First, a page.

Party atmosphere sets a Go-Go’s pace for ‘Head Over Heels’

Equal parts Elizabethan comedy and psychedelic rock concert, show works in spite of rough patches

The Oregon Shakespeare Festival’s “Head Over Heels” is a nonstop party. Come as you are, bring in a drink from the concession stand in the courtyard, settle into your seat and share in the fun.
“Head Over Heels,” by Tony Award-winning playwright Jeff Whitty, had its world premiere Saturday night in OSF’s outdoor Allen Elizabethan Theatre. Whitty fashioned an adaptation of Philip Sidney’s classic Elizabethan pastoral poem, “Arcadia,” and then punctuated it with the ’80s music of the Go-Go’s. The result is equal parts Elizabethan comedy and psychedelic rock concert.
Whitty and director Ed Sylvanus Iskander start the party when you trade your ticket for a chocolate bar at the entrance gate to the Elizabethan’s courtyard. The pre-play traditional trumpet fanfare is performed live. The required cellphone admonition is some witty patter sung by John Tufts, in character as the fool, Philanax. Tufts then proceeds to generously introduce the cast members and their characters.
And then the story begins.
Basilius, the Duke of Arcadia (Michael Sharon), seeks to foil the uncomfortable predictions of an Oracle by taking his family and entourage on a road trip.
The group includes Basilius’ disaffected wife, Gynecia (Miriam A. Laube), his elder daughter, Pamela, a famed beauty known for rejecting her suitors, and his younger daughter, Philoclea, who is deemed plain and unmarriageable.
Whitty’s joke here is that the spoiled and petulant Pamela is played by a pretty but decidedly “zaftig” actress, Bonnie Milligan. Philoclea is played by an equally pretty but slender Tala Ashe.
Off they go, into the woods, where they are rescued from ferocious beasts by an Amazon warrior. It is the shepherd Musidorus, Philoclea’s true love, decked out in drag.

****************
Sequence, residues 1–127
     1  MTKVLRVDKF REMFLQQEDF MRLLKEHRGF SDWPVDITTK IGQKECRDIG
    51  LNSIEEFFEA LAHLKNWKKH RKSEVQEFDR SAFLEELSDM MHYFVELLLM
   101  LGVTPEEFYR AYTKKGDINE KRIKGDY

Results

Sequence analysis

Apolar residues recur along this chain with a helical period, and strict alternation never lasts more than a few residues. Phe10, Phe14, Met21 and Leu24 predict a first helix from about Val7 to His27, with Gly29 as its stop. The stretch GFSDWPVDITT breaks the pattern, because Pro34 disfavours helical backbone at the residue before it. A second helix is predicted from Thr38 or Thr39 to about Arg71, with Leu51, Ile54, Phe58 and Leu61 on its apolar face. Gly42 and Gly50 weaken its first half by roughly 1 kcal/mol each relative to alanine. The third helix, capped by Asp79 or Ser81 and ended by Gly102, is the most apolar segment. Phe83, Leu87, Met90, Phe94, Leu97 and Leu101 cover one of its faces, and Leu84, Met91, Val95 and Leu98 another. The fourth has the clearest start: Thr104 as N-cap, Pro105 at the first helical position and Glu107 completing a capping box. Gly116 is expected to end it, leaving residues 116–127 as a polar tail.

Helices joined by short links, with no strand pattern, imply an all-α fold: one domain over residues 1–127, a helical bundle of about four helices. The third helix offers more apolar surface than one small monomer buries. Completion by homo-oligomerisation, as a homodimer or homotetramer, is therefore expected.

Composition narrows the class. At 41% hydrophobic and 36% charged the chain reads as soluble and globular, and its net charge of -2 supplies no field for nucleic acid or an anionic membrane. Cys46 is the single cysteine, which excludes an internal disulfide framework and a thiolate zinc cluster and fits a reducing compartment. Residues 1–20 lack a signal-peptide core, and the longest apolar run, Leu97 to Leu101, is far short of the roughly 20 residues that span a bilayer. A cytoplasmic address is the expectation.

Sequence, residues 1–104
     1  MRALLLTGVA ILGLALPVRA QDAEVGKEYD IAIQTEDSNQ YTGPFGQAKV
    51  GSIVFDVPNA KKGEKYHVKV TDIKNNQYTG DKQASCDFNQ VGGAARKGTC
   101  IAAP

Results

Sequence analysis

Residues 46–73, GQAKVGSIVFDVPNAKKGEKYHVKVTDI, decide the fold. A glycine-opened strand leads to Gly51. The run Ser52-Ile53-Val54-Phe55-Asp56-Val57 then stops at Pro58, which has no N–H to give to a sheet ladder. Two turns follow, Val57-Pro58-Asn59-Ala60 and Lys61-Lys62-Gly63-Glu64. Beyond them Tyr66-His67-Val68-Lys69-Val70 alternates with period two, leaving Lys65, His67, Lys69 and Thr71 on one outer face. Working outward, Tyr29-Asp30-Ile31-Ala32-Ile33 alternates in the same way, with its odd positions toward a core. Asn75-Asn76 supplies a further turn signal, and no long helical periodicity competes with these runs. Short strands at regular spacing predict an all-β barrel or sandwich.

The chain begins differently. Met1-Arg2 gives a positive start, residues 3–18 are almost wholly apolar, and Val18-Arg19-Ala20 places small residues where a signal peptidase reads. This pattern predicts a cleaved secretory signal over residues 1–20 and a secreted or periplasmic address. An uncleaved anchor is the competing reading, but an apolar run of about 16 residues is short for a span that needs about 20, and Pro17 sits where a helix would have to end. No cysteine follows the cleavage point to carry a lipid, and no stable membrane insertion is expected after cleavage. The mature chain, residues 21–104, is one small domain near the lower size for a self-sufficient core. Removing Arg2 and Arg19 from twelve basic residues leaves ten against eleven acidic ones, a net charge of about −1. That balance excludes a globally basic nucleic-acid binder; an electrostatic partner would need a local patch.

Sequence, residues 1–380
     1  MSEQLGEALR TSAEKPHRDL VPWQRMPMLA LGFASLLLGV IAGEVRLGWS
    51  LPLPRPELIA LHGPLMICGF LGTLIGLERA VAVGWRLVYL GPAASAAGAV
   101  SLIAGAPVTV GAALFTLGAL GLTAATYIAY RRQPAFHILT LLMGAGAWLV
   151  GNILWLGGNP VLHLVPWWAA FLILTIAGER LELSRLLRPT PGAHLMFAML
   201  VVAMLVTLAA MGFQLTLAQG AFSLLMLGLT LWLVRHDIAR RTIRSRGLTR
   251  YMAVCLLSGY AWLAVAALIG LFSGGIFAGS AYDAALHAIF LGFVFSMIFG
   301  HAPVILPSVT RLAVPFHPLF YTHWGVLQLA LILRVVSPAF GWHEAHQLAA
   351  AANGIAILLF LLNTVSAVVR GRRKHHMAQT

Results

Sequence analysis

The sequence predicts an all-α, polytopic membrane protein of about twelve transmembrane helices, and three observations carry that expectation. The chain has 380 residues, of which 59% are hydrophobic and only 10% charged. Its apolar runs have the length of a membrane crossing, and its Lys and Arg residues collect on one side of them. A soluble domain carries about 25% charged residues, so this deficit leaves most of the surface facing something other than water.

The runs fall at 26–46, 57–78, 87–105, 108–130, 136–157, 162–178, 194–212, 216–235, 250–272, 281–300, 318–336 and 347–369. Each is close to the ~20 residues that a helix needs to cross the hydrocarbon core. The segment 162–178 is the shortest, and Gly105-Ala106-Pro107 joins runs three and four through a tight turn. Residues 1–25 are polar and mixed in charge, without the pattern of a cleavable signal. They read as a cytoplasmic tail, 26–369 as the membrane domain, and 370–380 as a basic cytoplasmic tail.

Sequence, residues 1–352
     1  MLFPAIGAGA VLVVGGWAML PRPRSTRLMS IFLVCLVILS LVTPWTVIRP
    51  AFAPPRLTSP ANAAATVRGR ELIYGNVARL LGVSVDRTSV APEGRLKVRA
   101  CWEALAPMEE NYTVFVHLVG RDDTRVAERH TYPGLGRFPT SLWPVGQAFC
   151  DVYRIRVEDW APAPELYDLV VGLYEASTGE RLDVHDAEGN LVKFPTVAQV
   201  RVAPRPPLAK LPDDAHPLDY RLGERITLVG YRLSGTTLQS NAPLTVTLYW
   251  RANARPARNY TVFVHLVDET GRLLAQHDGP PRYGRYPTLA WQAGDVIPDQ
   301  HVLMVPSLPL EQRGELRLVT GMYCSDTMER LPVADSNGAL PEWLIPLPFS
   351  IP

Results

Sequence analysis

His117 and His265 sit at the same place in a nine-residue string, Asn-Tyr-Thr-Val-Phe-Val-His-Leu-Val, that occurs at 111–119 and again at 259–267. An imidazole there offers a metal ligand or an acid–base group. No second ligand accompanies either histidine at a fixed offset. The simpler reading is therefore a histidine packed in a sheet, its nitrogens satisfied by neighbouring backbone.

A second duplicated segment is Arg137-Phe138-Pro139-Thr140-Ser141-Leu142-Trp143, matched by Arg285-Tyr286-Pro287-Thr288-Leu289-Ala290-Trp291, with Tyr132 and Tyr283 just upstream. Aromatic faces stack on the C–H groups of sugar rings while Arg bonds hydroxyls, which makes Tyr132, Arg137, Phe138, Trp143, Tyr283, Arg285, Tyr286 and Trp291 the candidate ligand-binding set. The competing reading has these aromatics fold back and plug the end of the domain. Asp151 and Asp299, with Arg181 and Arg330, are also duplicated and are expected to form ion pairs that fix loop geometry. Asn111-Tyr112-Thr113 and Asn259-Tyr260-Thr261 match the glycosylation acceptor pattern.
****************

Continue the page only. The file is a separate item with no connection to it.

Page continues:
Each family member sees in the Amazon the solution to his or her problem. Basilius tries to seduce her. So does Pamela, who is only now discerning why her male suitors all seem uninteresting. Gynecia discovers that the Amazon is really a strapping young man. Philoclea, of course, recognizes Musidorus under the disguise.
And that’s just the first act.
This is a cast that can really belt out the onstage band’s ’80s power rock rhythms while the large ensemble effortlessly romps through Sonya Tayeh’s delightfully complex choreography.
Christopher Acebo’s minimalist set positively throbs thanks to lighting by Jane Cox and video projections by Mark Holthusen. The Elizabethan costumes and elaborate wigs come in psychedelic colors, courtesy of costume designer Loren Shaw.
The Go-Go’s were the first female rock band to write their own music and lyrics, perform live on stage and make it to No. 1 on the “Billboard” charts. Whitty uses music from the group’s four albums as well as solo songs written and recorded by band members Jane Wiedlin and Belinda Carlisle.
The band gave Whitty and orchestrator/arranger Carmen Dean carte blanche to change lyrics and arrangements to fit the play. The result is that when the Go-Go’s music is taken out of a hard-driving concert setting, the complexity of the melodies and the poignancy of the lyrics have a chance to shine.
Cheers went up from the audience as Go-Go’s favorites made their appearance: “Get Up and Go,” “My Life is Beautiful,” “Good Girl,” “This Old Feeling,” “The Unforgiven,” “We Got the Beat” and, especially, “Mad About You” and “Head Over Heels.” It was audience participation of the best kind.
There are some rough patches. “Head Over Heels” is still a work-in-progress. The second act begins to drag as plot device is loaded onto plot device, seemingly into infinity. The “deus ex machina” is bewildering, if funny. And the coda goes on too long. But this is the purpose of world premieres, to see where any revisions or pruning might be needed.
But it’s all joyful, contagious and outrageously funny. Whitty and Iskander said in prefatory notes and pre-production videos that they want the audience to feel like they are entering a party when they walk into the theater.
It may not feel like a party when you enter but you will know you’ve been to one outrageously good party when you leave.
Roberta Kent is a freelance writer living in Ashland

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